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Whilst Jesus in this manner instructed his apostles by figures and ingenious parables, they were labouring hard against him at Jerusalem. It appears, that the Sanhedrin was divided on his account. They perhaps wished much to punish him, but not to put him to death. All were of opinion that he should be arrested without noise, and that they should consider after. wards on the punishment to be inflicted on him. The most fiery of the priests wished that he should be seized in the capital, and assassinated during the hurry of the festival. This establishes that they did not consider themselves certain the people would not interest themselves in his behalf. Perhaps they had great reason : What a part of the populace did in his favour when he approached Jerusalem, evinced that it would have been very dangerous to act openly. In pursuance of this plan, they secretly promised a reward to whoever should deliver up Jesus, and we shall soon find one of his apostles betray his master for a very trifling sum.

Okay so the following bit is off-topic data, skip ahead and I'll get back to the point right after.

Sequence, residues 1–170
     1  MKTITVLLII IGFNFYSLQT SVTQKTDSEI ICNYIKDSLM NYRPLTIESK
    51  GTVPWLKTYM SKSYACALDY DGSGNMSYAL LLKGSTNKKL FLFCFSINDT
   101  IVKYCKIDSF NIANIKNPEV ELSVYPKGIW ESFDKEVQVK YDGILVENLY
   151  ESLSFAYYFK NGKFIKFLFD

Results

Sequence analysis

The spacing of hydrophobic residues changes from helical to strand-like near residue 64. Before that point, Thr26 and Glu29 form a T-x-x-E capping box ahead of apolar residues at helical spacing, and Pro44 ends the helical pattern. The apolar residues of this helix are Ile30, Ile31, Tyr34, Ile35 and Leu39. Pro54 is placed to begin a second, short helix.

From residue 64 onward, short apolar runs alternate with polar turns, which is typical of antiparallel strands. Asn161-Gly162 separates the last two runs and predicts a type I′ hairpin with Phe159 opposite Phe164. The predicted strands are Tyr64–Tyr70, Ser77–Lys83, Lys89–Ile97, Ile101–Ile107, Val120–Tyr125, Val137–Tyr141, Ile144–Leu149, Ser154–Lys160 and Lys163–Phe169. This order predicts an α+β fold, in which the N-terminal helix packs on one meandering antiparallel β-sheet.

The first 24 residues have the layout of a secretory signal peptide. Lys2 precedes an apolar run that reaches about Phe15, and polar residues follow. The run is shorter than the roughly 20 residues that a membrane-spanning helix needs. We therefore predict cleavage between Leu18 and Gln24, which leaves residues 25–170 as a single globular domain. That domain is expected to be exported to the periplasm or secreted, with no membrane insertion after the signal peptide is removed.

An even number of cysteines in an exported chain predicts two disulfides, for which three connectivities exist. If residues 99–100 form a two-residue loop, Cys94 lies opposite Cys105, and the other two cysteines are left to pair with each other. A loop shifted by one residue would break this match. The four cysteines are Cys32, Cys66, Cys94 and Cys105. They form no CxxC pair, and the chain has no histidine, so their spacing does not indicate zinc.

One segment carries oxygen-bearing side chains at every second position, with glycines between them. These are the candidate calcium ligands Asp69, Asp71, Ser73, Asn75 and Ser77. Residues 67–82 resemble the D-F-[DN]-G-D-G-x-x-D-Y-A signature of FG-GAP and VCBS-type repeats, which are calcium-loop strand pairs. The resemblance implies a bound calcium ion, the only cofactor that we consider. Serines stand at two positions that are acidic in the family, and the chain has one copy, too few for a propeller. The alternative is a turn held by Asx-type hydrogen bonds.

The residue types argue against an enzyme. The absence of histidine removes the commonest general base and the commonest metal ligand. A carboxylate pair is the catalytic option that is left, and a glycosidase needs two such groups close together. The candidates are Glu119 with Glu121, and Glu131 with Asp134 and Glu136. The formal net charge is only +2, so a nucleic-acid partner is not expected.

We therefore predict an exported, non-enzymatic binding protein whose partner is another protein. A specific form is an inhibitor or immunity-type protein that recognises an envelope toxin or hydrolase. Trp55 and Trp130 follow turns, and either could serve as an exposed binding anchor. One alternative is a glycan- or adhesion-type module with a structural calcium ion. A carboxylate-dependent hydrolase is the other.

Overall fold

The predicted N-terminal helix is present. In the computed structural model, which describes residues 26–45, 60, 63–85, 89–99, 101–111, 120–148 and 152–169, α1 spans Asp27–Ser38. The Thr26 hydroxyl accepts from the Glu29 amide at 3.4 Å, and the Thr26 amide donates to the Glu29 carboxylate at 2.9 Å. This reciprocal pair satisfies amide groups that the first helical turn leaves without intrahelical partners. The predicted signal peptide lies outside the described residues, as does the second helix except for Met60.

There is sufficient reason to believe that before en. tering Jerusalem, Jesus caused his approach to be announced by his friends in that city. His adherents la

tuous Woolstan so far excited the indignation of the clergy, that they persecuted him even unto death. Having been a prisoner in the King's Bench for eight years, as a punishment for publishing his 6 Discourses on the Miracles;" the most powerful interest used for his release proved unavailing, when opposed to the rancour of the priesthood ; till at last he became a martyr to the cause of truth, leaving behind him a character which for striet probity and benevolence cannot be surpassed, if even equalled, in the whole Christian church. Yet we find that the opinions avowed by Woolstan, were those which were strenuously held by the most celebrated and orthodox of the ancient fathers.